This is Michael Caines's Typepad Profile.
Join Typepad and start following Michael Caines's activity
Join Now!
Already a member? Sign In
Michael Caines
Assistant editor, Times Literary Supplement
Interests: Reading, writing, etc
Recent Activity
Those sentences are precisely where I'd hoped that – entirely conventionally, having established that I was glossing Litt – it might be apparent that I wasn't speaking for myself.. That knotty problem you've identified interests me because there is a whole subgenre of historical fiction dedicated to the "real person" (oh, but isn't all history just storytelling?), as well as walk-on parts in the fiction about imaginary characters grafted onto historical settings. I suppose there is a crucial distinction to be drawn between that biopic-style approach and the other in which supposedly imaginary characters participate in momentous events and all that.
Toggle Commented Sep 6, 2016 on Making history at The TLS blog
Michael, it's Toby Litt's idea that I'm describing in the opening paragraph above, and nobody else has suggested to me that it looks like I'm calling it mine. I don't claim to have the critical acuity to have come up with it myself. But you're free to go on regarding it as mine if you really need to! In any case, the nod to F. Jameson towards the end was meant as a reminder that there is already a vast literature on the subject of what history is, but what I'm reflecting on here is the way history was discussed specifically at the HNS. It mattered less that history means one thing or another, in this context, than that it was being defined against something else – ie, that equally vexed category known as fiction – and that historical novelists themselves rely on this distinction. In answer to your point about linguistic authenticity: yes, but isn't your point about Latin merely accepting that an "absolute" historical fiction is an impossibility? At some level, novelists tend to accept that it can't be done – hence Melvyn Bragg's pragmatic approach to the question of using an historically accurate but (to his readers) inaccessible lexis. That's an interesting point about style. But the weird workings of literary influence, don't necessarily rule out a living author having more in common with Dickens than Beckett, do they? So I'm not sure I can agree with you here, either..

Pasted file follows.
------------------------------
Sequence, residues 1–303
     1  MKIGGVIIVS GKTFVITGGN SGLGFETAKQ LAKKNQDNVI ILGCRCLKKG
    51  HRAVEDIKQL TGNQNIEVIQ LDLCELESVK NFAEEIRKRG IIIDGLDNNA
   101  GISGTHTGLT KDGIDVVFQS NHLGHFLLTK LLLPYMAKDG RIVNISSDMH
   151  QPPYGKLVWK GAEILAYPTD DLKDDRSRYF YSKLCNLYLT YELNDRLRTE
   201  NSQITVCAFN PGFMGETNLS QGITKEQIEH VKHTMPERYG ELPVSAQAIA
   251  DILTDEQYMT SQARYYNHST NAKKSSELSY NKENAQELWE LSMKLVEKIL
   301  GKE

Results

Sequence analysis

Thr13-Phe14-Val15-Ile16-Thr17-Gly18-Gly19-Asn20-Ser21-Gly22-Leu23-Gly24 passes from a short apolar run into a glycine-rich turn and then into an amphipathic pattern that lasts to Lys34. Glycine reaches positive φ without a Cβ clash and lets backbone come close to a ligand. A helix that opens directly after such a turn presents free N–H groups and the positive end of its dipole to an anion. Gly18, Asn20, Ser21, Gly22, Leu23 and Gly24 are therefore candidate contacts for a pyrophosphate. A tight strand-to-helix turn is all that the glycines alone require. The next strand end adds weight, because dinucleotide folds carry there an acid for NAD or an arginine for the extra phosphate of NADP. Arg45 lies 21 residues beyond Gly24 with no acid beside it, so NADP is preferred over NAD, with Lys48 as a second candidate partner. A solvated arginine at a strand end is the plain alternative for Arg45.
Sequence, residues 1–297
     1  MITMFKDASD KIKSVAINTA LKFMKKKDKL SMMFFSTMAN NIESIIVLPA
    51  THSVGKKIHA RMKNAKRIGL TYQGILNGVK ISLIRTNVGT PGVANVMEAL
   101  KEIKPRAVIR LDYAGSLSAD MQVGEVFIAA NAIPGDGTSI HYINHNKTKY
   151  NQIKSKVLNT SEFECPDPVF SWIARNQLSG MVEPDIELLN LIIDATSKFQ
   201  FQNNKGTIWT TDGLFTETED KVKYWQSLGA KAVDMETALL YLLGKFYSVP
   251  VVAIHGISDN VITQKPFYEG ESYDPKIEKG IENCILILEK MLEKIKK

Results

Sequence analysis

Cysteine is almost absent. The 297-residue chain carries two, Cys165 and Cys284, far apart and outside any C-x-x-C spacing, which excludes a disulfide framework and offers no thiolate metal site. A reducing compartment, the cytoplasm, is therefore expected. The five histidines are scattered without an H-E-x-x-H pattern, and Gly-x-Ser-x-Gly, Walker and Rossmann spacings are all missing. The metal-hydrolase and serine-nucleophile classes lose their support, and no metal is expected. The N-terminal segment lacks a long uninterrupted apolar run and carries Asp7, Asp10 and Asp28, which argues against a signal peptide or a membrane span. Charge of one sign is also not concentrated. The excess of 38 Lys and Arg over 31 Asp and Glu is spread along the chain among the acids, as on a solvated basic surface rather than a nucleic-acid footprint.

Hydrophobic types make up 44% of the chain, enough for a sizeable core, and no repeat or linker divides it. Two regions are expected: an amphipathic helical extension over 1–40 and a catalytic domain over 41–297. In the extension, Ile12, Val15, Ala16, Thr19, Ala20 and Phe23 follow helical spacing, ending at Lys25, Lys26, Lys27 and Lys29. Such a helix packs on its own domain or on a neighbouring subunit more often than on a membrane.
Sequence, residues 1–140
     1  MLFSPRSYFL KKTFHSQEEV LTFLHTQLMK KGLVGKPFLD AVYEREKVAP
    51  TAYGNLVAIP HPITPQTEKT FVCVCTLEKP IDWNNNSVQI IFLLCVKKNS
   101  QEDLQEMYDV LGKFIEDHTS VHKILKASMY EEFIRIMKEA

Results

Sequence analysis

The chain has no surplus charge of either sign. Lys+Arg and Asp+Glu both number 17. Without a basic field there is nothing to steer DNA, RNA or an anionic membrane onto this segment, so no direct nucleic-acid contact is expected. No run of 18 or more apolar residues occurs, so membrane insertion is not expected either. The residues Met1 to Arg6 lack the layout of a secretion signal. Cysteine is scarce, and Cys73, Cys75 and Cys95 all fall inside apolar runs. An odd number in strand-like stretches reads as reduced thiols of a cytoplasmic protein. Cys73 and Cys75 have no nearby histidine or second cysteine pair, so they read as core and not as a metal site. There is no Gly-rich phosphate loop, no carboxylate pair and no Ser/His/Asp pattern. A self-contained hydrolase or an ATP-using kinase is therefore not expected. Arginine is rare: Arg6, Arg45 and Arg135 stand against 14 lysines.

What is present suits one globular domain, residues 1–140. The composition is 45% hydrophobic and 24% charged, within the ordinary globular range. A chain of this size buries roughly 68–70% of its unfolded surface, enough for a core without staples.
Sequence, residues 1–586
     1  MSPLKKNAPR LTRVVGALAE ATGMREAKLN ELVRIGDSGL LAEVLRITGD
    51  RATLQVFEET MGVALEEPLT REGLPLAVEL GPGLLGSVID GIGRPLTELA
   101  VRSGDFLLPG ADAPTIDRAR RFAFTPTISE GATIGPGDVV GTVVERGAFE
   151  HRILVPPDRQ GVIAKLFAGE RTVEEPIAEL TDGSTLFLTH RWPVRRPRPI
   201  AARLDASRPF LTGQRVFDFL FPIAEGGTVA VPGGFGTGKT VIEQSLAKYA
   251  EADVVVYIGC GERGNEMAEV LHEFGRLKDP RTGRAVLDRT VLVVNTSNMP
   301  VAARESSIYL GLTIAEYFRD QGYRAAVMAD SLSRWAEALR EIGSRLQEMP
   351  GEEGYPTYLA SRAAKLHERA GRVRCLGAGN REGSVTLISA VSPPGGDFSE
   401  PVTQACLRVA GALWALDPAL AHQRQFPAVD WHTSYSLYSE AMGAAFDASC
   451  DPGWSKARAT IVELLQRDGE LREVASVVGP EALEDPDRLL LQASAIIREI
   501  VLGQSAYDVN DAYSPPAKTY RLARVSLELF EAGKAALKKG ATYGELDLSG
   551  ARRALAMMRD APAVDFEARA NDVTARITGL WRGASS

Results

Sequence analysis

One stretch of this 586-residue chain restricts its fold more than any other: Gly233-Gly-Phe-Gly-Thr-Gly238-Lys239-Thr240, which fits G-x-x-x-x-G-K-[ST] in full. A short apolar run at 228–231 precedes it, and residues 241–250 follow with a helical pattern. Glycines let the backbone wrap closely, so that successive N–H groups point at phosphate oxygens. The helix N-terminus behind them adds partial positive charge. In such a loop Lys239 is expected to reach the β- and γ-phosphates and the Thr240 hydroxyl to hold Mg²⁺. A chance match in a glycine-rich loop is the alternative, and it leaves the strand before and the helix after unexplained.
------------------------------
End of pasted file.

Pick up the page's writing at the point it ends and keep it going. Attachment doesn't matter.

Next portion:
Toggle Commented Sep 6, 2016 on Making history at The TLS blog
Thanks very much for these comments, everyone; they're most welcome! Michael: it is not *my* idea that history is "what was"; and English words are not tied to French counterparts, are they? I'm aware of "c'est des histoires" but idiomatically we wouldn't use the word "histories" in the same way. Also, 120 years, even "about" 120 years, is still an interestingly specific prescription. How do you arrive at that date? I agree with Margaret that a writer is free to try to write in the manner of any era. Artistically free at least – commercially, well, is the opposite true? La Fabulogiste (I acknowledge the excellence of this nom de plume, by the way): thanks very much for that Ruskin reference, which I'll look up; but please note that I didn't say that irritation with historical fiction is a recent phenomenon..